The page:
I am a dental implant patient. About a month and a half ago I had the implant surgically implanted. I have been a smoker for most of my adult life and recently I quit because I was getting the dental implant. Then, last week I started smoking again. When I brushed my teeth I happened to notice some bleeding on my toothbrush and near my gum line. Do you think my dental implant is failing? I go back next month for the next appointment to have everything finalized. Do you think I should quit smoking?
- Tina in Ohio
It is no secret that smoking is bad for your health. It is also not good for your dental health. But, the bleeding is probably not related to you beginning to smoke again. Most likely, the implant site area is still healing since it was recently placed. You may have brushed to hard and that may have caused the bleeding. Although, dental implant failure happens far too often. The symptoms associated with a possible failure include pain, bone loss around the implant area, and mobility. It would be in your best interest to quit smoking for many reasons, including the increased risk for gum disease. Bleeding gums can be an indicator of gum disease, as well as bone loss. You should definitely discuss the bleeding with your dentist at your next appointment. If the condition worsens, you may want to get in for an appointment sooner than the one scheduled for next month so infection around the implant area can be ruled out.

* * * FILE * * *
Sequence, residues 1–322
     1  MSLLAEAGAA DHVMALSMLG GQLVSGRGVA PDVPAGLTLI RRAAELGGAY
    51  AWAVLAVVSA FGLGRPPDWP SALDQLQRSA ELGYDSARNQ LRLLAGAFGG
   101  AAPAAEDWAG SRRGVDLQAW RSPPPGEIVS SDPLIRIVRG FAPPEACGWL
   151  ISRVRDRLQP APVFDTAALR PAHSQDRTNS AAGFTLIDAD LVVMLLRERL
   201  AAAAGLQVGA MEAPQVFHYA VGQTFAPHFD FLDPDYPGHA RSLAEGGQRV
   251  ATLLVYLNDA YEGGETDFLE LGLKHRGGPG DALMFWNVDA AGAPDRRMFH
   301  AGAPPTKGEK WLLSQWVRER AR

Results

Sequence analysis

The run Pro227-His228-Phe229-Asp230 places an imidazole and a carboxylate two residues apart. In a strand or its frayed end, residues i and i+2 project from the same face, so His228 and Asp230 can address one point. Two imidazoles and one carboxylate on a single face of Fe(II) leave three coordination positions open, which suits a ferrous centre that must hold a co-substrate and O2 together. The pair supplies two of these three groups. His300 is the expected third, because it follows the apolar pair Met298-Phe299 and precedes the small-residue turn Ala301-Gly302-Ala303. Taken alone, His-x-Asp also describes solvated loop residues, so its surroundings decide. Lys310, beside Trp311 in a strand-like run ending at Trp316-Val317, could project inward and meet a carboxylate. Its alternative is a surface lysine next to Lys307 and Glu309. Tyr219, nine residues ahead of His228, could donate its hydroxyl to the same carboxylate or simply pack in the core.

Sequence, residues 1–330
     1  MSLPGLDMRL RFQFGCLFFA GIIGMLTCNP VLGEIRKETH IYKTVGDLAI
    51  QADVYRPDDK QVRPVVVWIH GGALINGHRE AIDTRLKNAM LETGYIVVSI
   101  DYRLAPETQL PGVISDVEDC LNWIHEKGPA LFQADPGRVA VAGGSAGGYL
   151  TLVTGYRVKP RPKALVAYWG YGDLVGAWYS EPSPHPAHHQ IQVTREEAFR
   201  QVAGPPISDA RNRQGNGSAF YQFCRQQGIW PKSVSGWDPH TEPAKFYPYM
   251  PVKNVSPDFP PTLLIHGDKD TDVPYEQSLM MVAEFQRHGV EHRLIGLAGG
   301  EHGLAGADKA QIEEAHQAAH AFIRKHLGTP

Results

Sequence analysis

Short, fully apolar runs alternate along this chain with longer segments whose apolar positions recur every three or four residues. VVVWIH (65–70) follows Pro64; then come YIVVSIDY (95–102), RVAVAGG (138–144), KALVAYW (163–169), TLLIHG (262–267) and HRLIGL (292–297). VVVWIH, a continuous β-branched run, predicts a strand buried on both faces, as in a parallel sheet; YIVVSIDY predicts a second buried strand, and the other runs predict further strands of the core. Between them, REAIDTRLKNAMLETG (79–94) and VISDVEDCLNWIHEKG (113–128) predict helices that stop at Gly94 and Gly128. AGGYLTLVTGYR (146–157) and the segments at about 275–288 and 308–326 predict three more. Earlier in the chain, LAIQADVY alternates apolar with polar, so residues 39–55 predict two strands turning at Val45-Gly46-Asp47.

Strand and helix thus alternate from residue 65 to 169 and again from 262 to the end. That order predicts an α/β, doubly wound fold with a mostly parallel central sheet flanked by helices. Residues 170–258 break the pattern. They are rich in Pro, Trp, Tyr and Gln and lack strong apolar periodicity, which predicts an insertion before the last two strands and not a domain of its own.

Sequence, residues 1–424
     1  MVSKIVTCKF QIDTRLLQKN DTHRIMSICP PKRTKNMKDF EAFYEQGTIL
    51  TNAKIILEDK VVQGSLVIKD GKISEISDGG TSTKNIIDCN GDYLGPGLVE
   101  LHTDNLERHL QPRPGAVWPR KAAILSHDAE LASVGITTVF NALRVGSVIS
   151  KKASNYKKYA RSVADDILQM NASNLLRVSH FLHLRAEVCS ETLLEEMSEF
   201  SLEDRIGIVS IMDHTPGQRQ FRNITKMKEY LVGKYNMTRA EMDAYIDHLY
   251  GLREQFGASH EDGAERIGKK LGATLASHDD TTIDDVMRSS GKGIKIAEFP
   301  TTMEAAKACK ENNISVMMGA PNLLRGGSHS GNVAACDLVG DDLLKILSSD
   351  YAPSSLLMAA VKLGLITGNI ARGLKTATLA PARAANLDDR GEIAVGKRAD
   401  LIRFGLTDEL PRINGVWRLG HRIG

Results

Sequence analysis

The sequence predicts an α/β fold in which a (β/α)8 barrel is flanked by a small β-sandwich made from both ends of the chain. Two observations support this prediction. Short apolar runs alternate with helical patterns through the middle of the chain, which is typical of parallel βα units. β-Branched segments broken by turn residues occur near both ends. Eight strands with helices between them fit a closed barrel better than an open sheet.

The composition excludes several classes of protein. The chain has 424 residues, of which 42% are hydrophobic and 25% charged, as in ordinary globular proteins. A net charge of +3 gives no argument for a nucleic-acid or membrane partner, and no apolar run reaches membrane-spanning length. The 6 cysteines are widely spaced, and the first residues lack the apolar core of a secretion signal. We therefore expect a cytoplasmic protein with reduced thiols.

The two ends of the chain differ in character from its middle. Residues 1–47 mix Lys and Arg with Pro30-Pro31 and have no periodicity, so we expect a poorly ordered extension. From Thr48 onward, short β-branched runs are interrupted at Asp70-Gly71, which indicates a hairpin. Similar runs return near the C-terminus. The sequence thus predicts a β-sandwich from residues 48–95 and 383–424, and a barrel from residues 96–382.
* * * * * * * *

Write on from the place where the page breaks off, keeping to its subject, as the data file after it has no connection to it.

Some patients are motivated by cheap dental implants which can also result in failure. Hopefully this was not the case for you and your issue is due to the healing process. For those reading, it is worth mentioning that there are over 200 companies that manufacture dental implants and only six companies have documented research to validate their safety. It is very important to research your dentist’s credentials and experience. Cheap materials and dentists that cut corners will end up costing you more in the long run.
This post is sponsored by Cleveland implant dentist Hylan Dental Care.